Sous Vide Beer Brewing 101 - Getting Started
So maybe you’ve heard of sous vide brewing and even checked out some articles online. Maybe you have sous vide for cooking but have never homebrewed before... In both cases, sous vide is a great way to get started!
There is a lot of information out there, but we wanted to create a simple outline for what you should know, what you will need, and how you can get started with Sous Vide Brewing.
Why does temperature matter?
During the process of brewing, maintaining a proper temperature is critical to the success of the recipe. The first heated part of the process is mashing, where a variety of grains (typically malted barley with additions of corn, sorghum, rye or wheat) are combined and heated to a specific temperature with water in the kettle or mash tun.
This process allows the enzymes in the malts to break down the starch in the grain into sugars to create a malty liquid called wort. Because each recipe contains a different variety of grains which require different temperatures to mash properly, controlling the specified temperature is really important to get the most out of your grains.
Why should you use Sous Vide for Homebrewing Beer?
Homebrewing can be either a really inexpensive hobby or a really expensive hobby, depending on how much you want to brew and how much control and precision you desire in order to perfect your craft. Historically, controlling the temperature extremely accurately has required complex and expensive control systems and brewing set-ups that are probably overkill for most casual or beginner homebrewers. One of the most common batch sizes for homebrewers is a 5-gallon batch, which requires a 7-10 gallon kettle to produce.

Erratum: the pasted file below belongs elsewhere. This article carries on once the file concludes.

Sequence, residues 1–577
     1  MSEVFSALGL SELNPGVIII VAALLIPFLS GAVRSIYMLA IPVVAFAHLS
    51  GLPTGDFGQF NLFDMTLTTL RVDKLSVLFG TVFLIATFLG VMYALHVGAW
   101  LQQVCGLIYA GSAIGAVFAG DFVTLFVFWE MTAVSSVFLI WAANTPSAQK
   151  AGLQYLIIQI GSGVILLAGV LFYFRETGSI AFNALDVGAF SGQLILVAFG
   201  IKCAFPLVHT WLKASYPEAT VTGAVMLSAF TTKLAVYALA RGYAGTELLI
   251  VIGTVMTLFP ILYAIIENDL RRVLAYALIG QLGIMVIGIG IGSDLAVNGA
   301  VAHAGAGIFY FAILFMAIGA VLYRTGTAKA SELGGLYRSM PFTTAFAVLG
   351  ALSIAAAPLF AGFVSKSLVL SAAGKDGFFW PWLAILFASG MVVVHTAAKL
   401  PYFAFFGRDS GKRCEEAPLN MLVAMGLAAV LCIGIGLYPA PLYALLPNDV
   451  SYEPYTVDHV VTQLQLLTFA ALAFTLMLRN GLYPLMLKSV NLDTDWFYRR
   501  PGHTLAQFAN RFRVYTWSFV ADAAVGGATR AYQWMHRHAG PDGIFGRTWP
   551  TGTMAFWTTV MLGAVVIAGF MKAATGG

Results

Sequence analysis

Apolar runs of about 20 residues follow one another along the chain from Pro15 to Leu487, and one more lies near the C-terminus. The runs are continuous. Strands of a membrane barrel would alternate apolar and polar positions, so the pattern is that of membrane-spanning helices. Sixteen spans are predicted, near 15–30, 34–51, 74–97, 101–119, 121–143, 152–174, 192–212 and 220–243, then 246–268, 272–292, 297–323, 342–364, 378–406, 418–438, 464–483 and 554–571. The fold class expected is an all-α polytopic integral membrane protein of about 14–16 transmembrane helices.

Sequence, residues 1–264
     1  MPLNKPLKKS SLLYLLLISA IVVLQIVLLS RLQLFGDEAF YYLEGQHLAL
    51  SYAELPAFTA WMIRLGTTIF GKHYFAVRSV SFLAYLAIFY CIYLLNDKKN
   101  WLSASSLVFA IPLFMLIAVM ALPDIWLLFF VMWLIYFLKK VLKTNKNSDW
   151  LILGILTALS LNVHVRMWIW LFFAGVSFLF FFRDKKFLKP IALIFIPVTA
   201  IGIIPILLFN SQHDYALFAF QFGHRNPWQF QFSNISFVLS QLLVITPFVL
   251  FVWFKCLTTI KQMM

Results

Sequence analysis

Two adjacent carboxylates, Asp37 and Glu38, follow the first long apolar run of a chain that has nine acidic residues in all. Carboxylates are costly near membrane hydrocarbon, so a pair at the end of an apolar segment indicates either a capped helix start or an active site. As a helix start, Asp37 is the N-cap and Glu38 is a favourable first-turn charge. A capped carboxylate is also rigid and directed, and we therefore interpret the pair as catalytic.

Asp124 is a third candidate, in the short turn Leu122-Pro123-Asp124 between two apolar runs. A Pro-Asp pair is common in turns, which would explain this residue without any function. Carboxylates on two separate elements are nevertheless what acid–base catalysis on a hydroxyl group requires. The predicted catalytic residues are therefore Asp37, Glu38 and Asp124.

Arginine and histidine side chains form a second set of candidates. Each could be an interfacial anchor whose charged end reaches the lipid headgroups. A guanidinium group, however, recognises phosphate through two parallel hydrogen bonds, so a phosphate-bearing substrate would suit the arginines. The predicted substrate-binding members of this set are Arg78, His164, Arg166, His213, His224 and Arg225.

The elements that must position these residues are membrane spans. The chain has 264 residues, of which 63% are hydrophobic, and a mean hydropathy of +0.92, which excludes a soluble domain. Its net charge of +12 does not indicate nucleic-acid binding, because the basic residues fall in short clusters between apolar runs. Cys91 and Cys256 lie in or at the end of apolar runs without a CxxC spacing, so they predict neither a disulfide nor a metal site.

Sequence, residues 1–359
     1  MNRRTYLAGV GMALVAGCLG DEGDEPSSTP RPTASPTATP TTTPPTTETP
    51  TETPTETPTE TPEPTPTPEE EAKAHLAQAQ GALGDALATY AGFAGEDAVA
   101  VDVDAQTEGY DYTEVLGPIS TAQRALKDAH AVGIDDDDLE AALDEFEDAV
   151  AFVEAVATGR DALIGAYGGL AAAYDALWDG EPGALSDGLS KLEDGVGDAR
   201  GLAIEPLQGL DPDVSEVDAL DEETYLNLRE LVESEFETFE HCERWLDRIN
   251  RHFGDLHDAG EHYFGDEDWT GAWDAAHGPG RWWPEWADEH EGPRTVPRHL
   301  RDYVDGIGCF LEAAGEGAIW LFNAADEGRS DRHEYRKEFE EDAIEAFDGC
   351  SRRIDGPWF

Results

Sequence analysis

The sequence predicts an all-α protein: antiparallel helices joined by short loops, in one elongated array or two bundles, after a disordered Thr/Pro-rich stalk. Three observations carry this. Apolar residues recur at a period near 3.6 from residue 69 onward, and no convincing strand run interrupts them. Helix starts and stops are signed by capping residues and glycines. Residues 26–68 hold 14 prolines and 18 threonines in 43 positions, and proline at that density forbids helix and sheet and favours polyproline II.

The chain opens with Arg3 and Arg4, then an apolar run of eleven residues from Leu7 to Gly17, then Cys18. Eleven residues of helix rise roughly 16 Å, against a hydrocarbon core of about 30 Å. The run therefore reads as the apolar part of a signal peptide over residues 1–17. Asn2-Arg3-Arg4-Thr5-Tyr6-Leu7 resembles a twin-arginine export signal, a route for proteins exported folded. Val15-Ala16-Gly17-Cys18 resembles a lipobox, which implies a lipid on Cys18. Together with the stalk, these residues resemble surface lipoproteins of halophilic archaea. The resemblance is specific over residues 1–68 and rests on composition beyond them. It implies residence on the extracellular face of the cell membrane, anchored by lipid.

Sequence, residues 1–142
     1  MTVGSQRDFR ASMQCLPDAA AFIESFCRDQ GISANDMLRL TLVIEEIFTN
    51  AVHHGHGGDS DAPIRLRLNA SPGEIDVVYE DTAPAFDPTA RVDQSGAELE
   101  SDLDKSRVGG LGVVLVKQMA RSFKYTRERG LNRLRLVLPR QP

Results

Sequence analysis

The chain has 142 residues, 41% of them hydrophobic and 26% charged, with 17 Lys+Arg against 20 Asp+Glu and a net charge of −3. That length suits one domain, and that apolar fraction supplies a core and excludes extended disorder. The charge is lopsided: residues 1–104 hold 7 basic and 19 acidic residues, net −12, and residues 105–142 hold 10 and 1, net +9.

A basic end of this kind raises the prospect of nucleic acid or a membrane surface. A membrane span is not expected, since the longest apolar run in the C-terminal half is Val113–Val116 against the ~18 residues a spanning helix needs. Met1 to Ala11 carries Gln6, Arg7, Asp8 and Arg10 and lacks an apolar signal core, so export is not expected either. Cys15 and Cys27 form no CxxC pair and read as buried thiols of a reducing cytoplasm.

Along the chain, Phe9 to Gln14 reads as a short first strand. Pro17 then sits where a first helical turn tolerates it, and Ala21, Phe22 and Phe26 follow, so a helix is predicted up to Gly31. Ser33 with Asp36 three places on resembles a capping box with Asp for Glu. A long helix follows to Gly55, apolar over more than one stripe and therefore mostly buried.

The good news- this is a size that even entry-level sous vide devices can control. This means that now instead of spending hundreds or even thousands of dollars to maintain an exact mashing temperature, or struggling constantly with your propane or electric burner, you can spend under $100 for an intuitive device that attaches to your existing kettle and does the job remarkably well.
What equipment you will need to get started?
There are many different ways that you can brew beer, from traditional all-grain methods where the wort is created by mashing milled grains from scratch, to extract brewing which saves time by using pre-made extract, and a variety of methods in between, called partial mashes. A popular all-grain or partial mash method, especially with Sous Vide, is the Brew In A Bag (BIAB) method.
This is mainly due to the fact that sous vide devices do not inherently have filters and can get destroyed if they were to be used directly in contact with the grains during a mash. It also eliminates the need for a second kettle and the laborious process of racking (moving the liquid from one container to another). We’ll expand greatly on different methods in upcoming posts, but for now here is the list of the basic equipment you’ll want to brew your first batch:
- Sanitizing solution like One Step or Star San
- 7+ gallon kettle (or turkey fryer kit which comes with the kettle)
- A Sous Vide Device (any wattage 700 or above)
- A Brew Bag or Hops Bag
- 6+ gallon carboy or fermentor
If you feel like you are ready to try it out, check out this great time-saving partial mash recipe for a Sous Vide Belgian Pale Ale, from our friends at beerandbrewing.com.
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